Working Conditions, Pay, and Employability: Why Is Britain Struggling With Its Workers Shortage?

According to many employers, there is currently a struggle to find staff. It’s no wonder, then, that Britain is currently facing its worst labour shortage in decades. This shortage is even predicted to cause more economical problems, as it could lead to the country not being able to recover from the lockdowns it has been facing. But where did this shortage come from, who is it hitting, and how can this issue be resolved? Read on to find out more about this strange economic situation.

Working In a Locked-Down Britain

Working during the lockdown was not an easy time for employees. Many people had to up and leave their usual office desk and take their files home, learning whole new ways of working and maintaining an effective workflow. Many others were furloughed, a scheme that meant people were out of work but still paid up to 80% of their wage.

This left millions unsure of whether or not they would be keeping their job and more made redundant and searching for a place of work during a time when employers weren’t looking. Moreover, the pandemic made it unsafe for a number of workers who were needed to continue working in public offices. Sadly, some workers had to contact companies to help with accidents and unsafe workplaces, turning to places such as With conditions like this, it would seem that there would be no shortage, but many people point out that the issue is not as simple as a shortage of workers, but that it is a shortage of willing workers. The issue can be divided twofold, into the issue of access and of pay.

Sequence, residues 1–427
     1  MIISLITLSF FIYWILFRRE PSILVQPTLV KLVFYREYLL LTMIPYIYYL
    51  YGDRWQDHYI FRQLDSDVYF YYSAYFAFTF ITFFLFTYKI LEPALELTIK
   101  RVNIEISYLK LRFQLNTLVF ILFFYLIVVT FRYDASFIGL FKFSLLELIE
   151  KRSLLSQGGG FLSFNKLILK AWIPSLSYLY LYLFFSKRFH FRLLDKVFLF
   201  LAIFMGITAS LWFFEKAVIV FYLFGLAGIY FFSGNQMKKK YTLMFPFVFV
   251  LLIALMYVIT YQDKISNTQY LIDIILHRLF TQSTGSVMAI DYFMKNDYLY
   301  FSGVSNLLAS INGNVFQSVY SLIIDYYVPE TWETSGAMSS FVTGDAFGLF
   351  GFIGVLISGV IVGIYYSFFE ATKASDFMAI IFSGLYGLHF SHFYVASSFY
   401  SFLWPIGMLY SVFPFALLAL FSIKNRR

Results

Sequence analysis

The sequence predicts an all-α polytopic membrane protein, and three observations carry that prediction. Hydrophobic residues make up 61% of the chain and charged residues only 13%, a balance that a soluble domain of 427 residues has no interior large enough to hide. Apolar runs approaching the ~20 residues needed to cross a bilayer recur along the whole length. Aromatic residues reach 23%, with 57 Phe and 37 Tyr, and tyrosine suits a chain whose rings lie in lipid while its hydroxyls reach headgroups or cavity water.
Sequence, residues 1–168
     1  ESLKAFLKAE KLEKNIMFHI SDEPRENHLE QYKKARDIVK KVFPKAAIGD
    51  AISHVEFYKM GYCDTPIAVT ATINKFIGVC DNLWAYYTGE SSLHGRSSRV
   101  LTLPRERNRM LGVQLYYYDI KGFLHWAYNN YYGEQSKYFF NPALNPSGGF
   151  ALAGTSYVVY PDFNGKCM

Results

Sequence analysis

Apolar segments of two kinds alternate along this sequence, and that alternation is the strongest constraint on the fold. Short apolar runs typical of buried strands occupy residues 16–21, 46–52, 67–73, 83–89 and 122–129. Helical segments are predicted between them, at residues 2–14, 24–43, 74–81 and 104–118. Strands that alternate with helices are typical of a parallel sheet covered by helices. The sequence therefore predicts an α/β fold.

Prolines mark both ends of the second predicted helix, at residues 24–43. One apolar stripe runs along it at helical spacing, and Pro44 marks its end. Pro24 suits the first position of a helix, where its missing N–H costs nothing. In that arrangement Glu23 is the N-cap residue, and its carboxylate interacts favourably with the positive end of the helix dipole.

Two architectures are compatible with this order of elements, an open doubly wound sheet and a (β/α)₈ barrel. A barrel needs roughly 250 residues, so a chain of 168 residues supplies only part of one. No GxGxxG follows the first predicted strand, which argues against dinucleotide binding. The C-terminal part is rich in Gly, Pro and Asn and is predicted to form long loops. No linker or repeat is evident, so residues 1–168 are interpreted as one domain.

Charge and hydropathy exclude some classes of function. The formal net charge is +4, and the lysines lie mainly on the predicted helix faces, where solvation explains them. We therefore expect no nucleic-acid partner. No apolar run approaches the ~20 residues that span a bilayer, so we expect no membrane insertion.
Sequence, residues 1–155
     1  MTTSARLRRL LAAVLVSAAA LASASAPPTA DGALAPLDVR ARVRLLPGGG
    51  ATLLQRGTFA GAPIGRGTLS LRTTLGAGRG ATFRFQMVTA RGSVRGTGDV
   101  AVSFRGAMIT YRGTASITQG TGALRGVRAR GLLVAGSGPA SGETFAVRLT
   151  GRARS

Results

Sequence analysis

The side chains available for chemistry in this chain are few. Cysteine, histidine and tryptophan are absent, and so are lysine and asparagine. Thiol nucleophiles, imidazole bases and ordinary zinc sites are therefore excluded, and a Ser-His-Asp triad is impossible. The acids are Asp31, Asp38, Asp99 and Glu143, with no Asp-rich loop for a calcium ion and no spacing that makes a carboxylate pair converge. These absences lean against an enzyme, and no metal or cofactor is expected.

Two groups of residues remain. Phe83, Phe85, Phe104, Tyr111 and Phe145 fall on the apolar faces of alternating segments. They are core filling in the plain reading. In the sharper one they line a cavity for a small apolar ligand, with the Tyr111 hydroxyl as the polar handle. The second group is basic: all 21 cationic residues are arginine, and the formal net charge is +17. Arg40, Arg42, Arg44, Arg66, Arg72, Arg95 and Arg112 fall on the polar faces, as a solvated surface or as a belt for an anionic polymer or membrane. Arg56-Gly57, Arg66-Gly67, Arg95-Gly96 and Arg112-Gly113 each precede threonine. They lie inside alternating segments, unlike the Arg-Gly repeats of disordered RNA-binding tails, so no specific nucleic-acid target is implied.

Labour Immigration

One of the biggest problems that has caused the shortage of workers is likely the new immigration laws that have been introduced post-Brexit. Britain has changed its immigration policy to shift toward a system that prioritises workers deemed “high-skilled”. This focuses at large on those who are trained as doctors and surgeons, causing major issues. The first is that some industries, such as hospitality, are left with a shortage of workers. Combine this shortage with the huge impact that the pandemic, social distancing and huge uncertainty has had and you can see that many companies are faced with the risk of closing down. This would be especially detrimental over the holiday season, where most of these companies make up their revenue. Many industries are, in fact, openly lobbying the government in an attempt to get onto the “skilled worker” list.

Another issue with a lack of immigrant workers is that the country is running out of truck drivers for deliveries and mass transit, as well as there being issues with crossing borders. Shortages are coming up in different industries that are causing echoing issues, such as staff shortages in the poultry industry, leading to large amounts of poultry being slaughtered and wasted as abortoirs cannot keep up.